THE MASTER: The Films of Paul Thomas Anderson

June 27, 2018 @ 12:30 pm

Our seven-film series of the films of acclaimed auteur writer-director Paul Thomas Anderson concludes with his mesmerizing 2012 drama The Master.

Revered by many as the best of Anderson’s extraordinary films, while easily ranking among his most polarizing, The Master’s three stars – Joaquin Phoenix, Philip Seymour Hoffman, and Amy Adams – all received Academy Award nominations for their career-highlighting turns in Anderson’s solidly engrossing and challenging film.  Freddie Quell (Phoenix) is an angst-ridden alcoholic drifter struggling with personal demons, including his traumatic experiences as a WWII soldier.  On a fateful night in 1950, Freddie boards a passing boat and meets Lancaster Dodd (Hoffman), the charismatic leader of a religious movement called the Cause. Freddie tries hard to adhere to Dodd’s odd teachings and forms a close bond with his mentor, even as other members of Dodd’s inner circle see him as a threat.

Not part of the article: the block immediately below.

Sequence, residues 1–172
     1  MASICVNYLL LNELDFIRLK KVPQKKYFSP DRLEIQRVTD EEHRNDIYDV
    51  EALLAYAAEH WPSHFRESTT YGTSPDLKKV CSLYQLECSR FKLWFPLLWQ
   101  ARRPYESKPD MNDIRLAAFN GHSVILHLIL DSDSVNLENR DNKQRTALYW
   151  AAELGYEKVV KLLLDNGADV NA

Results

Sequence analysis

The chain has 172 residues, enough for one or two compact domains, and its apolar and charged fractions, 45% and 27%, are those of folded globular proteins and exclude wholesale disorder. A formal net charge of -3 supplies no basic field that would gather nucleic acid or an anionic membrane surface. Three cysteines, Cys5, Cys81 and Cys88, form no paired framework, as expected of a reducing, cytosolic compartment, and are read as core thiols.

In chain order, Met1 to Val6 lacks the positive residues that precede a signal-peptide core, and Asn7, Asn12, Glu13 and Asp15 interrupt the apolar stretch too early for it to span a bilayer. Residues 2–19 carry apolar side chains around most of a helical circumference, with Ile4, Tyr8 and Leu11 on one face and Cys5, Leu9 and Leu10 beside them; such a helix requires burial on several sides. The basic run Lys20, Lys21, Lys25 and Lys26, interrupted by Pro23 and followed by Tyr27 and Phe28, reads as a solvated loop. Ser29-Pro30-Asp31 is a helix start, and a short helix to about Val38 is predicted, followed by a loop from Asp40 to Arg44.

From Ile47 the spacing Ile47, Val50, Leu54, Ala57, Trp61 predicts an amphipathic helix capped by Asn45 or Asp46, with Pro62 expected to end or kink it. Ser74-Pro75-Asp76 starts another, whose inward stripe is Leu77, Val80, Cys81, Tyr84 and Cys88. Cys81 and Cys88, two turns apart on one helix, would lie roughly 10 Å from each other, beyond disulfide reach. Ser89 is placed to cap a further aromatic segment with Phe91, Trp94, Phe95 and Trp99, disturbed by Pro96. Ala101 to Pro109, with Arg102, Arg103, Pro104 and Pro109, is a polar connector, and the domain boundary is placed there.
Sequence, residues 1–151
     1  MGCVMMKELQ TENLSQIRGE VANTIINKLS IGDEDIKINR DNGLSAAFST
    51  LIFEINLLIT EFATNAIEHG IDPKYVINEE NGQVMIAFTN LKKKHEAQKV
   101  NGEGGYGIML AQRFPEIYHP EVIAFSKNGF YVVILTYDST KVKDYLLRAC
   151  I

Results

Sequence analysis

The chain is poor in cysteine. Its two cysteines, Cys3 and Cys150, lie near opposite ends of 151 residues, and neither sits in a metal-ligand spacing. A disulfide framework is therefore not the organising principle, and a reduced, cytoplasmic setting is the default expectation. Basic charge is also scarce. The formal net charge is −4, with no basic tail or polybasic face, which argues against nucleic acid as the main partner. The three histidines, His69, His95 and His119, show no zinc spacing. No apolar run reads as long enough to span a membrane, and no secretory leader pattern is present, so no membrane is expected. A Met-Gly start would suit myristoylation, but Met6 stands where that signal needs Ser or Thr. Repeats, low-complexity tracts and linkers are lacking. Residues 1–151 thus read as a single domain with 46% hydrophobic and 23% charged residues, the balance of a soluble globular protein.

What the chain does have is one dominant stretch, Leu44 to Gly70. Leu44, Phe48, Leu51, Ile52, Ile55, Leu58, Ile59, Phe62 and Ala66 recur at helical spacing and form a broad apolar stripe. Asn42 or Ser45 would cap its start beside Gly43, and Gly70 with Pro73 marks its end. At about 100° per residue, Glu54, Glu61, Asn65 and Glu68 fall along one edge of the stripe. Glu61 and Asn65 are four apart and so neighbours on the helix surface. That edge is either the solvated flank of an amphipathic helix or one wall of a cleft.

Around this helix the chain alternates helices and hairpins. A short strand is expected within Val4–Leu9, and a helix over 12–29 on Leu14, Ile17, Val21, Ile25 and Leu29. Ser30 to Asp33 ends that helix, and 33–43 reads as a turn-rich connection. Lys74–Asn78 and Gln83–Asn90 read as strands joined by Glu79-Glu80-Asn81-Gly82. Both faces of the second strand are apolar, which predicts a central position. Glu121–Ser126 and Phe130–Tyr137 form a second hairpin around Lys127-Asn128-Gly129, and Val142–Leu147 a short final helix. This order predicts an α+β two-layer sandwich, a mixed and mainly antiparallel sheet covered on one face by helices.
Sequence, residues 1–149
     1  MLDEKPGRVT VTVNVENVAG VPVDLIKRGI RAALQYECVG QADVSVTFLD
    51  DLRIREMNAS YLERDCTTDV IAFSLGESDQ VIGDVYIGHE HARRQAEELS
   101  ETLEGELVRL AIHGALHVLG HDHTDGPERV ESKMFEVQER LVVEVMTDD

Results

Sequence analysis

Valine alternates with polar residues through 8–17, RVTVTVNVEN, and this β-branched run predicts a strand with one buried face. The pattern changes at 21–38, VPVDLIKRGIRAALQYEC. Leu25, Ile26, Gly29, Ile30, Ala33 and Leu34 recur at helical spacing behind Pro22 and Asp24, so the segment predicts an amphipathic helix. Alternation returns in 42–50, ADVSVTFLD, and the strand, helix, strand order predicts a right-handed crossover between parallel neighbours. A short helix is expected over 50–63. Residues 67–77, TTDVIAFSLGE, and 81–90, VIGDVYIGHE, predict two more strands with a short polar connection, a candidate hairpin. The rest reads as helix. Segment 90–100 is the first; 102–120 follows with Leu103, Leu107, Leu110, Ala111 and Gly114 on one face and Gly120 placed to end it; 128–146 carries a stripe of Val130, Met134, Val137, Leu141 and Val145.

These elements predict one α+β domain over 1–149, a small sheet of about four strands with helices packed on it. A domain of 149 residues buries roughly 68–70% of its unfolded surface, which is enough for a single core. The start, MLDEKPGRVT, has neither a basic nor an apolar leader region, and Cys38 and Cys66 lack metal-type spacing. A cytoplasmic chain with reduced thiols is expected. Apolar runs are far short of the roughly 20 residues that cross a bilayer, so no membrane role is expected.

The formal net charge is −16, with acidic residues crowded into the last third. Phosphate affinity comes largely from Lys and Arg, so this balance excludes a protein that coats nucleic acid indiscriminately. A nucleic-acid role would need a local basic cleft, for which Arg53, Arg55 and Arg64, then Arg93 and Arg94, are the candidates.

The Master – which Anderson has repeatedly claimed is his favorite film that he has made to date – premiered at the Venice Film Festival on September 1, where it won the FIPRESCI Award for Best Film. Beyond its Oscar nominations, The Master received over 200 international nominations and 75 awards, and in 2016 was voted the 24th greatest film of the 21st century by 177 critics from around the world.

Wednesday, June 27 – 12:30pm, 3:30pm, 7:30pm
Thursday, June 28 – 12:30pm, 3:30pm, 7:30pm

★★★★.  The Master is another tale of warped power and fanatical delusions, and it sees Anderson on captivating form as a director who is able to surprise and impress with scene after scene.” – Dave Calhoun, Time Out 

“Grade: A.  It’s a feisty, contentious, deliberately misshapen film, designed to challenge and frustrate audiences looking for a clean resolution. Just because it’s over doesn’t mean it’s settled.” – Scott Tobias, AV Club

“A sustained immersion in a series of hypnotic moods and longueurs, an imposing picture that thrillingly and sometimes maddeningly refuses to conform to expectations.” – Justin Chang, Variety